another, they did not understand the frustrations of the masses of poor
Venezuelans who swept Chávez into office, pinning their hopes on a
military officer who had grown up poor as they had.
Venezuela’s bombastic president has claimed victory at the polls at
least 10 times since he took office in 1998. With his propensity for
outrageous comments in rambling speeches and on his radio call-in
program, “Hello, President,” Chávez earned the disapproval of many
international observers who considered his style unbecoming of a
president. Ordinary Venezuelans loved it, however, and turned out at
the polls repeatedly, voting for him in presidential elections and
re-elections, a constitutional referendum and balloting that put
members of his party into local and regional government offices.
Chávez’s opponents then “launched a coup against a democratically
elected president. Seven months later, they shut down the oil industry
in an illegal strike in an attempt to strangle the economy and force
Chávez out of office by undemocratic means,” Jones said.
The chapters in ¡Hugo! about the 2002 coup against Chávez -- during
which he was spirited away for 24 hours and was sure he would be killed
-- read like a thriller, complete with notes smuggled out by a
sympathetic nurse and a guard, and a loyal soldier who stands up to
“The opposition also needs to grow up and learn to play by the
democratic rules of the game,” Jones said. “People are hoping that
finally that may be happening,” now that they have proven that it is
possible to defeat Chávez at the ballot box.
He was talking about Dec. 2, 2007, when Chávez’s triumphant streak
ended and voters turned down a set of proposed constitutional
amendments that would have expanded the groundwork for what Chávez has
called “21st-century socialism.” The failed referendum was Chávez’s
first electoral defeat in a decade.
Chávez had proposed changes to 32 articles of the constitution that
was drafted and approved in 1999, the year after he first took office.
Among the proposed changes were a six-hour workday, a benefits fund for
independent workers, various forms of property ownership, and the
designation of the armed forces as “patriotic and anti-imperialist.”
Proposals to put the currently autonomous Central Reserve Bank under
presidential control and remove the two-term limit for president were
among the most controversial. The reforms also would have given the
government greater control over the country’s petroleum and gas
deposits and over agriculture “if necessary” to ensure food security.
Chávez had expected to win handily, counting on the many voters in
low-income neighborhoods who continue to provide a solid base of
support. But they stayed away from the polls in droves.
Sr. Jenny Russian of the Missionaries of Christ Jesus and of the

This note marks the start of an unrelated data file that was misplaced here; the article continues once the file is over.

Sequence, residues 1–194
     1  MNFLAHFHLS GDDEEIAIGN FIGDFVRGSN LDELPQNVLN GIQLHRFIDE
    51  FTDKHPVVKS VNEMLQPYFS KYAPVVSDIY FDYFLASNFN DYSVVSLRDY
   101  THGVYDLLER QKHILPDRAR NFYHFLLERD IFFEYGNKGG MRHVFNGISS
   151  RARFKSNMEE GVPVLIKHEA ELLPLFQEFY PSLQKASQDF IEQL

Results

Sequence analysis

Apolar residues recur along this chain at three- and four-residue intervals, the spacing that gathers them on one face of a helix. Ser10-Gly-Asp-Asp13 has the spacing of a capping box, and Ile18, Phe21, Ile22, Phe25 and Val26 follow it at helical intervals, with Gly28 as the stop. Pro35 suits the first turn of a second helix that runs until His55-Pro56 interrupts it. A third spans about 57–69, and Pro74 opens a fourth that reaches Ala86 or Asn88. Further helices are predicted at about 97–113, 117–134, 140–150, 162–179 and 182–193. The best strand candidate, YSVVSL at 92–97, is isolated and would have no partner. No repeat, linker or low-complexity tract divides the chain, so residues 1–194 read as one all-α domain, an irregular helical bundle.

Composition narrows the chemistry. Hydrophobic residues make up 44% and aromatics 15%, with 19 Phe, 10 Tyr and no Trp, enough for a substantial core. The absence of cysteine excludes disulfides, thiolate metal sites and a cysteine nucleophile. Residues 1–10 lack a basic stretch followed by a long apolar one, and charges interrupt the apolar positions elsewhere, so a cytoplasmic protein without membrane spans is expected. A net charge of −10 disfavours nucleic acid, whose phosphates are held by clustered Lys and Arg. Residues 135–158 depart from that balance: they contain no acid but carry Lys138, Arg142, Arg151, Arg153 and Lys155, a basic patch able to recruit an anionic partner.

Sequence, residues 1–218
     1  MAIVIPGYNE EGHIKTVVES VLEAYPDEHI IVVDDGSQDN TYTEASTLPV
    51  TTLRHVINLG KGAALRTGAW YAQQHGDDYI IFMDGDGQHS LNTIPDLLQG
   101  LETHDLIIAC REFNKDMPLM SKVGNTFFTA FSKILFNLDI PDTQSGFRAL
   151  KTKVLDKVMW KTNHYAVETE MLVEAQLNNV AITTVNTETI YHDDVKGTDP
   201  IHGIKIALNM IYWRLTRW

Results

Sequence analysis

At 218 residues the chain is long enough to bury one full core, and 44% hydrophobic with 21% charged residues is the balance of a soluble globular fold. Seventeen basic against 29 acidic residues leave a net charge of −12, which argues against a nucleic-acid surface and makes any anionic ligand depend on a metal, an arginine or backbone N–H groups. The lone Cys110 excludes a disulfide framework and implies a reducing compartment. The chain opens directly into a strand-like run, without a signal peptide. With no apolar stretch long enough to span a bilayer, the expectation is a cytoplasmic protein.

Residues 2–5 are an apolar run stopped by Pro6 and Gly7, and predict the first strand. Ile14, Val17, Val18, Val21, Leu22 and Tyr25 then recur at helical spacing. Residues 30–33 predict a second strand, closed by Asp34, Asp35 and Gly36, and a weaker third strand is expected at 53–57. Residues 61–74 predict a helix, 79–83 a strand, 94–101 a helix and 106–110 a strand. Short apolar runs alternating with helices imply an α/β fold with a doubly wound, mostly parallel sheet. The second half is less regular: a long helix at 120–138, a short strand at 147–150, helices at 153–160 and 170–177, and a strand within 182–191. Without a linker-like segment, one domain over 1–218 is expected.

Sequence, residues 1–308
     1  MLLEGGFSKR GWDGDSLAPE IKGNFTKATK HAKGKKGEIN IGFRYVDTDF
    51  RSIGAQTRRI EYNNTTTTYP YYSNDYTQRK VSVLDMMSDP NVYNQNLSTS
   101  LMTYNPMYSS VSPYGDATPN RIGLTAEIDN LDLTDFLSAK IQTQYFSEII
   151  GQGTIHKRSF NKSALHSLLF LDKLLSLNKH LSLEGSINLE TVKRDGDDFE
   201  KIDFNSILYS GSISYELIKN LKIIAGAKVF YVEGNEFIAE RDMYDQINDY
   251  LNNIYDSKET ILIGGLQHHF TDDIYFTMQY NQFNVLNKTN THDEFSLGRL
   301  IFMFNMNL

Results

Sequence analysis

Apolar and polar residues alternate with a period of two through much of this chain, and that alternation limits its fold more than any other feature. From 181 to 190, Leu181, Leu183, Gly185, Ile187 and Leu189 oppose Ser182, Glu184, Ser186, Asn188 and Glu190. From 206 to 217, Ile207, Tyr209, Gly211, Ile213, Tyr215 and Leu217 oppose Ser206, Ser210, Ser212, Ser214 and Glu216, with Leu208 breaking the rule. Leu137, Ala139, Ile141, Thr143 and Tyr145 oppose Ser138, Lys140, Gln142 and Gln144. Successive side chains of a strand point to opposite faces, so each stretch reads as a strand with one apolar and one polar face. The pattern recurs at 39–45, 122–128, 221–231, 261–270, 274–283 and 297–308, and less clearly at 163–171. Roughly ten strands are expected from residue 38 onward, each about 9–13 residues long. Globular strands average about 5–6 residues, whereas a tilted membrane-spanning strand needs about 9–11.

nonprofit Fundalatin in Caracas estimates that “3 million people who
supported the president [in previous elections] abstained from voting.”
People in low-income neighborhoods did not want to “betray” him by
voting against him at the polls, but they did not support the changes,
so they stayed home, Russian said.
Analysts say Chávez has been fairly effective at getting emergency
social services to poor Venezuelans. He signed a decree, effective May
1, which raised the minimum wage in Venezuela by 30 percent to U.S.
$372 a month. But he has had less success in tackling more deep-rooted
structural problems such as crime and employment. Shortages of staple
food items and rising consumer costs have heightened tension in recent
Although the unexpected rebuff in December threw his political plans
into disarray, Chávez accepted the results. That Jones said, belies the
oft-heard accusation that the Venezuelan president is a dictator.
“He is a strong president, no doubt about it, but there are a lot of
things that don’t fit the definition of a dictatorship, including him
losing an election ... and accepting the results,” said Jones, who now
works for Newsday in New York. “Real dictators don’t do that.”
Part of the animosity toward Chávez may have more to do with his dirt-poor, rural roots than his politics.
“Rich elites call him ‘the monkey,’ ” Jones said. “He is supposed to
be the servant in their mansions. He’s not supposed to be their
Only time will tell whether Chávez -- like left-leaning presidents
elected after him in various parts of Latin America -- will manage to
dismantle an entrenched oligarchy.
“You cannot have a tiny group of filthy rich people atop the oil
wealth heap, living in mansions, jetting off to Miami and Paris
whenever they felt like it, and have the majority living in mud huts
and tin shacks, barely able to eat,” Jones said. “That’s what brought
Chávez to power. People don’t want to live in tin shacks. They want
safe streets, decent schools and good hospitals.”
Barbara Fraser is a freelance writer living in Peru.